HAYWARD, Calif. (AP) — Stephen Curry missed the cut Friday night against professional golfers one notch below the PGA Tour.
But not before leaving some of golf's best players impressed that a two-time MVP for the Golden State Warriors could enter their arena and look respectable.
Curry opened with a 4-over 74 on the TPC Stonebrae and needed a career round to stay for the weekend. He shot a 74 again on Friday to finish tied for 148th. He missed the cut by 11 shots.
Curry bogeyed two of the first three holes on Friday and shot a 39 on a 3-hour front nine. He made five straight pars and birdied No. 14 but he played the final three holes at plus-1 with two bogeys and a birdie on 17.
"That was awesome what he did yesterday," British Open champion Jordan Spieth said Friday at the Bridgestone Invitational. "I think he certainly beat most everybody's expectations, but I don't think that really surprised him. It was pretty cool — really cool — to see. You see him fist-pumping out there, and just him talking about how nervous he was when he heard his name called, it just makes us feel a little better when sometimes some of the stuff he does looks like a robot."
Stanford alum Andrew Yun shot a 62 on Friday and finished two rounds at 8-under 127. Fellow American Brandon Harkins is two shots back after rounds of 64 and 65.
One of the highlights for Curry in the opening round was a long birdie putt and telling his caddie to "Go get that" from the cup. That was the famous line Spieth said to his caddie at Royal Birkdale two weeks ago after a 50-foot eagle putt to take the lead.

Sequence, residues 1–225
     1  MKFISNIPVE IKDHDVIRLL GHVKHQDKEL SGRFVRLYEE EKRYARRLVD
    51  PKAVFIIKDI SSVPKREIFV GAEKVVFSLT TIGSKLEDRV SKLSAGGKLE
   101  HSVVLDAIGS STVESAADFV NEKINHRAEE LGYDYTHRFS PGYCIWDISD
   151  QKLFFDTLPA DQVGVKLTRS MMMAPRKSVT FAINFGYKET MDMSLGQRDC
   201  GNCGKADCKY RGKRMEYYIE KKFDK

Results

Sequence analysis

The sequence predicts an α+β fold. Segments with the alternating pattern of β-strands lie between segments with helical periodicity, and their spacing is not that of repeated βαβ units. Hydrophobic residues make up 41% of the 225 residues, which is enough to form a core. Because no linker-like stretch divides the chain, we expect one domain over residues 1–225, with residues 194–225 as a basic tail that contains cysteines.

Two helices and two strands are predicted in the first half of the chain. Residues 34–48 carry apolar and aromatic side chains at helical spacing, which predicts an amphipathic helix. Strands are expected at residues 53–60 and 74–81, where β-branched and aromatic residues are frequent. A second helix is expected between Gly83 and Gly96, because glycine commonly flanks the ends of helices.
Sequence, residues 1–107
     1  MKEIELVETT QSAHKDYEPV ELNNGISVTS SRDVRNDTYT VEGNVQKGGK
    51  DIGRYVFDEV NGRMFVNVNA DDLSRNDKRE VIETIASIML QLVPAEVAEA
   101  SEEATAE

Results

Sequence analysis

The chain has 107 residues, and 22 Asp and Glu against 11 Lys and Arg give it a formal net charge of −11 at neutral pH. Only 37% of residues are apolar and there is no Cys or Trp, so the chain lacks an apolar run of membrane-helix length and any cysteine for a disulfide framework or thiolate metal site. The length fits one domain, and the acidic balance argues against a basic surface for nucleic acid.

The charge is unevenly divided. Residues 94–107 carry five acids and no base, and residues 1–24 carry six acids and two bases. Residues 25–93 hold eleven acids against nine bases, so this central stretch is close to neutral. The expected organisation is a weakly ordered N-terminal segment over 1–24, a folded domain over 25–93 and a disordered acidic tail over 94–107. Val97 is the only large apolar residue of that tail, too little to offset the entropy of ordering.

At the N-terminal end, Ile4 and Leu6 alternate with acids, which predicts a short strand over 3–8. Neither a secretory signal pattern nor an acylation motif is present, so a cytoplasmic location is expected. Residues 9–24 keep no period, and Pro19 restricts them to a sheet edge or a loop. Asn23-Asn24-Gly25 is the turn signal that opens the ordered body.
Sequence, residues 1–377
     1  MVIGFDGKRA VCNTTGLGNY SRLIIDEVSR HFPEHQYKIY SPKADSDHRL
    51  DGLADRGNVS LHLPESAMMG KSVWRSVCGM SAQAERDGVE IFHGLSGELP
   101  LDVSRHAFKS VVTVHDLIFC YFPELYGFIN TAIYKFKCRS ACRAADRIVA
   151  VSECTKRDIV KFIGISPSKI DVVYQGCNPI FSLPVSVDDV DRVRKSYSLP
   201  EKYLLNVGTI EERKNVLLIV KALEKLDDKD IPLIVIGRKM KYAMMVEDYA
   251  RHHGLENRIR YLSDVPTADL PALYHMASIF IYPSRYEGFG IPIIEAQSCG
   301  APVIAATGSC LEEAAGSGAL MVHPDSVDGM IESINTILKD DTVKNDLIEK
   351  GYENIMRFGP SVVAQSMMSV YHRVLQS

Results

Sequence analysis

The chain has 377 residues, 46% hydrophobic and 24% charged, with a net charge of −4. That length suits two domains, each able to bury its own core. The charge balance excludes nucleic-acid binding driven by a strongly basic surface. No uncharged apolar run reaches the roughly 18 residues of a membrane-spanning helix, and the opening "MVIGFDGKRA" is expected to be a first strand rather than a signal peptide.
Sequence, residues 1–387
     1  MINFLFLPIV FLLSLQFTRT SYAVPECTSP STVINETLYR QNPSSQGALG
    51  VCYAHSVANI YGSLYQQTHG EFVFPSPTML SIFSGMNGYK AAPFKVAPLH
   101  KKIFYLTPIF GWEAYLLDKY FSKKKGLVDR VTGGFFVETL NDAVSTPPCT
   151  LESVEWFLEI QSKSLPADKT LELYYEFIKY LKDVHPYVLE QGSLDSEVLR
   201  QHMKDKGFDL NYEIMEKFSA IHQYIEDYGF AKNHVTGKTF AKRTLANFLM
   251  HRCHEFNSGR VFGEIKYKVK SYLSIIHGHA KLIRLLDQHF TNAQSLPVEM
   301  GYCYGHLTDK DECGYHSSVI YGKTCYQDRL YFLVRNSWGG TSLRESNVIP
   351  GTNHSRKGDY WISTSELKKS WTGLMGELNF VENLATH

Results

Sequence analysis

"To be honest, I think it's pretty special for a two-time MVP to be able to shoot 74 at a pro event and beat other pros," former PGA champion Jason Day said.
No one expected very much out of Curry, who last year played in the pro-am at the PGA Tour's season opener in Napa. The field included players who have competed in majors this year, and seven players who have won on the PGA Tour.
The question in some corners was how high his score would be.
"I was asked if I thought he was going to break 80, and that's the hand grenade question," Paul Casey said. "But 4 over is really good. It's a lot of pressure, and he exceeded my expectations."
Zach Johnson, a two-time major champion, said he has a friend who knows Curry and said he was a good player. The score in the first round was enough to make a believer out of Johnson.
"Clearly, he is," Johnson said. "I don't know that golf course. Someone said they shoot pretty low there often, but it doesn't matter. You've still got to put the ball in the hole. First round as an amateur in a professional tournament? That's pretty good."
Johnson vaguely recalled the time Jerry Rice, the Hall of Fame receiver for the San Francisco 49ers, played in the tournament. Rice shot 90.
"He's a good athlete. They're both good athletes," Johnson said. "I'm not going to be playing for the 49ers."
AP Golf Writer Doug Ferguson contributed from Akron, Ohio.